The entire novel feels like it has the loose structure of a Golden Age SF novel and many points of the plot reflect this quaintness. If the novel were to be condensed to only 200 pages rather than 600, the special Golden Age effect would have been complete, but we all know that modern British SF can't limit itself to anything less than 500 pages (bless them for it, too). The predictive nature of the novel, too, reflects the poor structure of Century Rain. I was able to predict (with lucky guesses or with my vast intelligence, who knows) about 80% of the unfolding of the plot. Even then, the one or two big swings were mildly surprising. I was never "wowed" by any plot twist or happening.
If Revelation failed in the dialogue category, Century Rain definitely revels in the art of sly humor and deceptive circular logic. His characters can spin words which will leave your own head spinning with impression. It's all believable and without the over drama in which Revelation tended to revel in. It's kept neat and clean when it needs to be but it can also be long and descriptive at the proper plot points.
Historical facts and insights are a key value of Century. The living memory of a non-existent 50s Paris is sharp and livid. It's a tried and true alternate universe where WW2 never happened and Reynolds does a surprising decent take on a world where science has taken the back burner to modern jazz. It's a captivating scene for an alternate universe plot and really resonates with the Verity, the traveler/scientist. Her observances of alternate 50's Paris to our real 50's Paris are our lens into the entire plot which Verity and Floyd find themselves tangled in.
This should be an excellent novel for some people or a dull one for others. For me it struck right in the middle between mediocrity, finesse and reminiscence. No reason to stop reading the rest of Reynolds' bibliography however!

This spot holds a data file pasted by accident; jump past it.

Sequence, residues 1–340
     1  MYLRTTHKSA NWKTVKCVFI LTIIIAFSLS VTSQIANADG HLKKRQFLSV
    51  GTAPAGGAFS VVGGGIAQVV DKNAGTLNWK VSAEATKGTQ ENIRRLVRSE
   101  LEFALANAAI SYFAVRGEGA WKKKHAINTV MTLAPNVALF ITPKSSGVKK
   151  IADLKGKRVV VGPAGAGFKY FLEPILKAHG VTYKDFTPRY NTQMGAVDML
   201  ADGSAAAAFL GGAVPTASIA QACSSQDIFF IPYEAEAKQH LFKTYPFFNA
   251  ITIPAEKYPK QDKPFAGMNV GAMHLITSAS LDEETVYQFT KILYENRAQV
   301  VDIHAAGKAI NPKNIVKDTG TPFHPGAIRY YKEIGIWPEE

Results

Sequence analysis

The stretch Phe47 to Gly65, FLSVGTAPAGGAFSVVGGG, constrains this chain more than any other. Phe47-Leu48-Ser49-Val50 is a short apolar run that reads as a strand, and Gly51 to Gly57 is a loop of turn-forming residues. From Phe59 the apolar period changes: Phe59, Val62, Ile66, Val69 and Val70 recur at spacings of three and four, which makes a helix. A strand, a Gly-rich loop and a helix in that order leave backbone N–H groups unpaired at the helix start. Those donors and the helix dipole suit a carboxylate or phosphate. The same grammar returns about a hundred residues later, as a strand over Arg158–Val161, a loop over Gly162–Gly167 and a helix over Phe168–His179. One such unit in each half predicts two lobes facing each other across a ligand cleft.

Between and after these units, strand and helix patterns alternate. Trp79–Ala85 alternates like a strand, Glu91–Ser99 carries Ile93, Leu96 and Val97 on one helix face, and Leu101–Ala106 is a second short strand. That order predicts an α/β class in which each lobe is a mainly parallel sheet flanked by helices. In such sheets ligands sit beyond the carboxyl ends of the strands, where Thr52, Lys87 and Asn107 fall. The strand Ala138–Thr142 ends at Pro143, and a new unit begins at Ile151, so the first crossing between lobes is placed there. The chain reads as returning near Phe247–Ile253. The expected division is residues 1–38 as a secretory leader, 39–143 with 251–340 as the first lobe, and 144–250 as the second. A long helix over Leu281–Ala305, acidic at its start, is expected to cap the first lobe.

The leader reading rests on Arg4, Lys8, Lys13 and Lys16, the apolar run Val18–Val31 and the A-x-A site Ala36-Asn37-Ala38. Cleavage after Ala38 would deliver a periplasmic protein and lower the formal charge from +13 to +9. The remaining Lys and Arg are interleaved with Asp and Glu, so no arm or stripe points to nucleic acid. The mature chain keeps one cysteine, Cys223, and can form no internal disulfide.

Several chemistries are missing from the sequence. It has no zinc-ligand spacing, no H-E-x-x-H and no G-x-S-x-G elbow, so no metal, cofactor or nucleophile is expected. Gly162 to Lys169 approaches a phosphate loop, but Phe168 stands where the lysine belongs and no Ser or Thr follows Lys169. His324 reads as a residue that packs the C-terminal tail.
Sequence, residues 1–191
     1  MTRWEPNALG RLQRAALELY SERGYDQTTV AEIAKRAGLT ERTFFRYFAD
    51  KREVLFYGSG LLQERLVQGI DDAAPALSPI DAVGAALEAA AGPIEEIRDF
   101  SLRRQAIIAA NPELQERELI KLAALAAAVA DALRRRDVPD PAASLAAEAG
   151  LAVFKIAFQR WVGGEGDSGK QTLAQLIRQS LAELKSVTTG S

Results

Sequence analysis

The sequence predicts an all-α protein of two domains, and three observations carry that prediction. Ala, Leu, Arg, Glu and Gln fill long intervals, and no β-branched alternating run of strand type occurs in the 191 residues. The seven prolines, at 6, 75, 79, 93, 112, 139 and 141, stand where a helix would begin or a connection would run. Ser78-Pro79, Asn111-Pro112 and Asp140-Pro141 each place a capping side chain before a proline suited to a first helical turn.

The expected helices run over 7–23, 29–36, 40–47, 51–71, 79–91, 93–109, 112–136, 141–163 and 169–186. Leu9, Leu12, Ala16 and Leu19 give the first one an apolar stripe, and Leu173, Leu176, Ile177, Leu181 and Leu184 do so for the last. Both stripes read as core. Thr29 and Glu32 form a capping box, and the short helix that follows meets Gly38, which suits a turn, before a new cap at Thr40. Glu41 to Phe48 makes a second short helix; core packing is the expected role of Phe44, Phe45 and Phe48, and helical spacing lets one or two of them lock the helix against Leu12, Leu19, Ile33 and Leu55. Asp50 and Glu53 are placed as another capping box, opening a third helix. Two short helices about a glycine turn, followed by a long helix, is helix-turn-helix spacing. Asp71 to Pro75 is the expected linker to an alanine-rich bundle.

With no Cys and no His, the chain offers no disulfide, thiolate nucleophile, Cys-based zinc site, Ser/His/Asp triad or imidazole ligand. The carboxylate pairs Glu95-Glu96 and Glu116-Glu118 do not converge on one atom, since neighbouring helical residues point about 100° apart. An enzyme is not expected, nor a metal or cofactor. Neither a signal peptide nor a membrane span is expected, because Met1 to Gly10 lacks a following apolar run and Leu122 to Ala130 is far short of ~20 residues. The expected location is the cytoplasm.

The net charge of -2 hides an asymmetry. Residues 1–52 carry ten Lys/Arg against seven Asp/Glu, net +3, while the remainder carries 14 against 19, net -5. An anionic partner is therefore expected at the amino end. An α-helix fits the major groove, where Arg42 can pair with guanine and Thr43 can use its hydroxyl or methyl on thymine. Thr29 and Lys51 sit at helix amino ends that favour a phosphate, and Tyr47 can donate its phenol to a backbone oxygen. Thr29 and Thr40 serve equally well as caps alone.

on 24 January 2006
I am not a real Sci-fi fan or reader, so I read this on a recommendation. I really enjoyed it as just a thriller and found this to definitely be a 'just one more chapter...' kind of book - which is no bad thing. The characters are pretty well rounded, feel very real and, on the whole, do what real people would do in the same situation. The plot bustles you from one reality to another in an agreeable way and I found I spent most of the first half of the novel thinking: 'What the hell is going on?'
The Sci-Fi side of it I found very believable - just about unobtainable technology that is essentially theory at the moment - and well implemented and described.
My only criticism (hence the 4 stars) is that it does tail off at the end, the suspense feels labored and formal and there are patches within the book that are quite dull (space journeys for instance). But, overall, I will be reading more of Reynolds work because I really enjoyed this.